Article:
Addu in the south of Maldives suddenly became vibrant as all the eight heads of states and governments arrived for the Saarc Summit held on November 10 and 11, writes former Bangladeshi High Commissioner to the Maldives, Selina Mohsin, for Bangladesh’s Daily Star newspaper.
On July 28, 2011, the government of India provided a grant of US$5 million to Maldives for the Saarc Summit in Addu. In return, the government of Maldives officially handed over a plot of land in the capital for the Indian Mission. Simultaneously, agreements for the construction of a multi-disciplinary university and health centres and upgrading of an existing hospital in Laamu Gan in Addu Atoll were finalised with an Indian company.
Two earlier Saarc Summits were successfully hosted by Maldives in the capital Male. The necessary buildings and infrastructure were present in the capital so why was this summit held in Addu at such a great cost? Two reasons can be cited. The first was concern that opposition parties might create a disturbance during the Summit and the other was a preference by India in collaboration with Maldives to develop Addu Atoll. India has a particular interest in Gan island in Addu.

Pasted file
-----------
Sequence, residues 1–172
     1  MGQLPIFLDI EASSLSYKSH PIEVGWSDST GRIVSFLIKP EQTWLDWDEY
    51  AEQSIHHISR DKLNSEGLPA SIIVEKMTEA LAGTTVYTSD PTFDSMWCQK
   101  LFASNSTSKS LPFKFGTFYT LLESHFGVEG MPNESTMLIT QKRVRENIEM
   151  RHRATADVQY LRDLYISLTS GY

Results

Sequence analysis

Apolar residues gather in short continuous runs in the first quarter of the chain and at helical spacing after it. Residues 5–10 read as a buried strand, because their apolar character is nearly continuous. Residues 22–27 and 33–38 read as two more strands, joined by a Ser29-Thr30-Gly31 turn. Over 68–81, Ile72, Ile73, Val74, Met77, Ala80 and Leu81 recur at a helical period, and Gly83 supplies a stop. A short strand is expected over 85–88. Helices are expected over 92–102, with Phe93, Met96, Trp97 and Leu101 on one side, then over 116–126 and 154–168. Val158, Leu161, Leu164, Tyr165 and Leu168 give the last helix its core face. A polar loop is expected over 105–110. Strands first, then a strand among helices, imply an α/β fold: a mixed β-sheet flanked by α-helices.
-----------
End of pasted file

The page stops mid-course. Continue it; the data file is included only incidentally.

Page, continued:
Gan’s strategic location in the Indian Ocean was identified by the British, who first established a base there during the 2nd World War as part of the Indian Ocean defenses. In 1956, the British took over Gan and developed a Royal Air Force base with a large runaway, jetties and a series of causeways connecting several islands in the Atoll, which served as a Cold War outpost. In 1976, the British pulled out. India had recently shown keen interest in Gan as a strategic location, but an attempt to establish a base there was revealed in the Indian media and halted after an outcry from the People’s Majlis of Maldives on issues of sovereignty.
After the Mumbai bombing, India began a project to network all the 7,500 km of its coastline with radar. India probably intends to include Maldives in its security grid to have a permanent presence in Gan for its surveillance aircraft and ships. Secondly, India would like a secure foothold in the Indian Ocean where the power of China is increasing. Beijing has pockets of influence around India with the Chinese built ports of Gwador in Pakistan and Hambatota in the southern coast of Sri Lanka. As 60 percent of Chinese oil imports come from Africa, China has to maintain its ability to protect its interests on this ocean route.
It is felt that India, by providing a grant for the Saarc Summit and by building facilities in Addu Atoll, will surely gain a strong presence in Gan.